So the king and Haman went to Queen Esther’s banquet, and as they were drinking wine on the second day, the king again asked, “Queen Esther, what is your petition? It will be given you. What is your request? Even up to half the kingdom, it will be granted.”
Then Queen Esther answered, “If I have found favor with you, Your Majesty, and if it pleases you, grant me my life—this is my petition. And spare my people—this is my request. For I and my people have been sold to be destroyed, killed and annihilated. If we had merely been sold as male and female slaves, I would have kept quiet, because no such distress would justify disturbing the king.[a]”
King Xerxes asked Queen Esther, “Who is he? Where is he—the man who has dared to do such a thing?”
Esther said, “An adversary and enemy! This vile Haman!”
Then Haman was terrified before the king and queen. The king got up in a rage, left his wine and went out into the palace garden. But Haman, realizing that the king had already decided his fate, stayed behind to beg Queen Esther for his life.
Just as the king returned from the palace garden to the banquet hall, Haman was falling on the couch where Esther was reclining.
The king exclaimed, “Will he even molest the queen while she is with me in the house?”
As soon as the word left the king’s mouth, they covered Haman’s face. Then Harbona, one of the eunuchs attending the king, said, “A pole reaching to a height of fifty cubits[b] stands by Haman’s house. He had it set up for Mordecai, who spoke up to help the king.”
The king said, “Impale him on it!” So they impaled Haman on the pole he had set up for Mordecai. Then the king’s fury subsided.
- Esther 7:4 Or quiet, but the compensation our adversary offers cannot be compared with the loss the king would suffer
- Esther 7:9 That is, about 75 feet or about 23 meters
The King’s Edict in Behalf of the Jews
That same day King Xerxes gave Queen Esther the estate of Haman, the enemy of the Jews. And Mordecai came into the presence of the king, for Esther had told how he was related to her. The king took off his signet ring, which he had reclaimed from Haman, and presented it to Mordecai. And Esther appointed him over Haman’s estate.
Esther again pleaded with the king, falling at his feet and weeping. She begged him to put an end to the evil plan of Haman the Agagite, which he had devised against the Jews. Then the king extended the gold scepter to Esther and she arose and stood before him.
“If it pleases the king,” she said, “and if he regards me with favor and thinks it the right thing to do, and if he is pleased with me, let an order be written overruling the dispatches that Haman son of Hammedatha, the Agagite, devised and wrote to destroy the Jews in all the king’s provinces. For how can I bear to see disaster fall on my people? How can I bear to see the destruction of my family?”
King Xerxes replied to Queen Esther and to Mordecai the Jew, “Because Haman attacked the Jews, I have given his estate to Esther, and they have impaled him on the pole he set up. Now write another decree in the king’s name in behalf of the Jews as seems best to you, and seal it with the king’s signet ring—for no document written in the king’s name and sealed with his ring can be revoked.”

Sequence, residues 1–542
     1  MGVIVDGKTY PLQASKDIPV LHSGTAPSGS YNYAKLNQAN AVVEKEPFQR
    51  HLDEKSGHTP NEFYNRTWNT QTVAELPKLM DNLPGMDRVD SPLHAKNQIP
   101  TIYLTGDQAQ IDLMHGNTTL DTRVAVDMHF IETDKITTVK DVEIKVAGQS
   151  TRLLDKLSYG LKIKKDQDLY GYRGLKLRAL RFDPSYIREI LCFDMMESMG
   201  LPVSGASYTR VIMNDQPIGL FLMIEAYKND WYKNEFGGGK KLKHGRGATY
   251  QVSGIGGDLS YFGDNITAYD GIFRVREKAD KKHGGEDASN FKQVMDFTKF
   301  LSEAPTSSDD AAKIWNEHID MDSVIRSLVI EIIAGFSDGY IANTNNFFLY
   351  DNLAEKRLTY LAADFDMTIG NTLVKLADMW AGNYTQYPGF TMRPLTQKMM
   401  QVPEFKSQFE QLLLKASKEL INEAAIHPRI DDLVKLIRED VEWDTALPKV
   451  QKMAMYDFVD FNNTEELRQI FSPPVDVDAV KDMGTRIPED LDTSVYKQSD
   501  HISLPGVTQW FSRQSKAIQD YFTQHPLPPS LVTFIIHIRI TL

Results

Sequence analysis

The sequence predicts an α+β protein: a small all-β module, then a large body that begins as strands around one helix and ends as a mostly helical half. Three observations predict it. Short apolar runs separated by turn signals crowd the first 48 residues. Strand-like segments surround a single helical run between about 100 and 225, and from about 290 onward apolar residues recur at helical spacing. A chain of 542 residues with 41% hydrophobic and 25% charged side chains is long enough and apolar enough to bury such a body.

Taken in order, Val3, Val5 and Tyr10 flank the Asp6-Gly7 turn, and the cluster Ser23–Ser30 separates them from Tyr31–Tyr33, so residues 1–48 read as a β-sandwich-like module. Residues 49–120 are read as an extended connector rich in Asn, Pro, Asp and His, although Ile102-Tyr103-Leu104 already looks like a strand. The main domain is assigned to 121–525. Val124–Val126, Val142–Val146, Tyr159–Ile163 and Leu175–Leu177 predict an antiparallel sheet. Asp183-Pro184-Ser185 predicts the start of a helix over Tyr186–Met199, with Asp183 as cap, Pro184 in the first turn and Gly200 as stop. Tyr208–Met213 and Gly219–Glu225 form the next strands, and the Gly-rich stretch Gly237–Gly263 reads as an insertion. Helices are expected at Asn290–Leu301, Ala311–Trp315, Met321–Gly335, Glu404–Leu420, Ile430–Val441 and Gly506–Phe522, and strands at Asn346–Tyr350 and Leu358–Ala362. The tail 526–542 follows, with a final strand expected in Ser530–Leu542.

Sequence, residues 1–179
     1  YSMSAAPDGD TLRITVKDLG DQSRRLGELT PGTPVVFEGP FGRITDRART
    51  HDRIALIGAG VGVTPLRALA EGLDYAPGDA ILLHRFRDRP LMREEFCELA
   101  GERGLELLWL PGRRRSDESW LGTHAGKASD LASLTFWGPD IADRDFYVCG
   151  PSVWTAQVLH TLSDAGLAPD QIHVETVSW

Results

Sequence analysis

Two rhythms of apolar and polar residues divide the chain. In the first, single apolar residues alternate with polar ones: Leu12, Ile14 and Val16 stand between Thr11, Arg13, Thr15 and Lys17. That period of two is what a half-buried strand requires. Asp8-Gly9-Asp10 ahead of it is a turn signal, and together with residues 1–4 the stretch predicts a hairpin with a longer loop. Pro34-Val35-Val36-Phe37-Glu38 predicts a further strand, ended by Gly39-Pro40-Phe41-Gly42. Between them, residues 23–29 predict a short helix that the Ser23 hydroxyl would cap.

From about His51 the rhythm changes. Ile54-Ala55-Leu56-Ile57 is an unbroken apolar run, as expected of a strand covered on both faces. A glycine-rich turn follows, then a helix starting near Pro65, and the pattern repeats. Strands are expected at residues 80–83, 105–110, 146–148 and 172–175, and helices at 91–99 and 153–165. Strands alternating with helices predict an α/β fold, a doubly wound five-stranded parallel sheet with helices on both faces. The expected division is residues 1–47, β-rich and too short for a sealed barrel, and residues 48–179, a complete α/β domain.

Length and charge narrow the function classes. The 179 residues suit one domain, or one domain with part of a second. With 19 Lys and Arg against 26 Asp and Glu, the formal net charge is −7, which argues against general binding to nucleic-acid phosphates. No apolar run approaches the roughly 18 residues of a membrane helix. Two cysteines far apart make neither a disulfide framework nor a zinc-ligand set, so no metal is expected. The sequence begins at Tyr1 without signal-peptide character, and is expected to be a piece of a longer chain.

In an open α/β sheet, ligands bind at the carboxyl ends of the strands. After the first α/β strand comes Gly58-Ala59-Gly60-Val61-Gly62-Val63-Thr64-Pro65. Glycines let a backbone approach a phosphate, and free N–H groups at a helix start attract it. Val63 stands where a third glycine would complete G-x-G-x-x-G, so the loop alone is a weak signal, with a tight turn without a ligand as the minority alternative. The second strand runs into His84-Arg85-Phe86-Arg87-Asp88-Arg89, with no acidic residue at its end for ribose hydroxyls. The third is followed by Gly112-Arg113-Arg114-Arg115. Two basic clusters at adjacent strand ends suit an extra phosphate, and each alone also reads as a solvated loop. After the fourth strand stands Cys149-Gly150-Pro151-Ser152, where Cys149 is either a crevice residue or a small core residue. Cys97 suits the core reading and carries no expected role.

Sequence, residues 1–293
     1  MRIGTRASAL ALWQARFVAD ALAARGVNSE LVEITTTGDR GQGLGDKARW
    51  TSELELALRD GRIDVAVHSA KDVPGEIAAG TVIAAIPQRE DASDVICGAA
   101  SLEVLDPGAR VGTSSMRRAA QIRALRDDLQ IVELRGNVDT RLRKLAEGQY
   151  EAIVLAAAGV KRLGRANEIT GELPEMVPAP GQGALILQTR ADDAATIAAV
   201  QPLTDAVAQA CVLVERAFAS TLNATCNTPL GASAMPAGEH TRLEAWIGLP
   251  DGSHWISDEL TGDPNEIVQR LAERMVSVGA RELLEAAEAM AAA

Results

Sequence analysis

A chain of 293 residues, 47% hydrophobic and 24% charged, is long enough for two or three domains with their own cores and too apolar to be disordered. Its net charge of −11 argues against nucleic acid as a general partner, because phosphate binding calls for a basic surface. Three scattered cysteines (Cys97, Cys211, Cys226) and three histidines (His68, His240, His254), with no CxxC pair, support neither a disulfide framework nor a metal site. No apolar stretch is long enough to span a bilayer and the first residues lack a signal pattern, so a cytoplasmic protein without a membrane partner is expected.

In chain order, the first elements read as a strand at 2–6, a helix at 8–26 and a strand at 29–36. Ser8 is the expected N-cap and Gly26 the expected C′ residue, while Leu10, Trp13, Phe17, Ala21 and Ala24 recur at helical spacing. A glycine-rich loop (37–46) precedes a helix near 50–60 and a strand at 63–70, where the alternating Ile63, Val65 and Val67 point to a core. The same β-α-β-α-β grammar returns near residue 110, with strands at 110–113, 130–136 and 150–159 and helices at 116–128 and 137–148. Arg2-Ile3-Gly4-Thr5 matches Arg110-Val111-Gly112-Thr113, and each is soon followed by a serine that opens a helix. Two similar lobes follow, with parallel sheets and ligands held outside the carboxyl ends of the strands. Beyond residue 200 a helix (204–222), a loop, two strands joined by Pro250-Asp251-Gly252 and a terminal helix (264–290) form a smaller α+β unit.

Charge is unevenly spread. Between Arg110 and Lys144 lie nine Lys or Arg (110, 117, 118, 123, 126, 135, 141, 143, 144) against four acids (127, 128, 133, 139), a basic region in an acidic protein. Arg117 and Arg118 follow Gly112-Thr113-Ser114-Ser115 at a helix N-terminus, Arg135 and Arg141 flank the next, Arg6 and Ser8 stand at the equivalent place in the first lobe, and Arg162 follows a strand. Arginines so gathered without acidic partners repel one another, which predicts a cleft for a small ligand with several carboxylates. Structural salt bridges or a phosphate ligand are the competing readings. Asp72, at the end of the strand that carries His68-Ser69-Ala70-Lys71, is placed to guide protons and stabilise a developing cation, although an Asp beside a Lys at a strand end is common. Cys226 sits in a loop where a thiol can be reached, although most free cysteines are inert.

At once the royal secretaries were summoned—on the twenty-third day of the third month, the month of Sivan. They wrote out all Mordecai’s orders to the Jews, and to the satraps, governors and nobles of the 127 provinces stretching from India to Cush.[a] These orders were written in the script of each province and the language of each people and also to the Jews in their own script and language. Mordecai wrote in the name of King Xerxes, sealed the dispatches with the king’s signet ring, and sent them by mounted couriers, who rode fast horses especially bred for the king.
The king’s edict granted the Jews in every city the right to assemble and protect themselves; to destroy, kill and annihilate the armed men of any nationality or province who might attack them and their women and children,[b] and to plunder the property of their enemies. The day appointed for the Jews to do this in all the provinces of King Xerxes was the thirteenth day of the twelfth month, the month of Adar. A copy of the text of the edict was to be issued as law in every province and made known to the people of every nationality so that the Jews would be ready on that day to avenge themselves on their enemies.
The couriers, riding the royal horses, went out, spurred on by the king’s command, and the edict was issued in the citadel of Susa.
The Triumph of the Jews
When Mordecai left the king’s presence, he was wearing royal garments of blue and white, a large crown of gold and a purple robe of fine linen. And the city of Susa held a joyous celebration. For the Jews it was a time of happiness and joy, gladness and honor. In every province and in every city to which the edict of the king came, there was joy and gladness among the Jews, with feasting and celebrating. And many people of other nationalities became Jews because fear of the Jews had seized them.
- Esther 8:9 That is, the upper Nile region
- Esther 8:11 Or province, together with their women and children, who might attack them;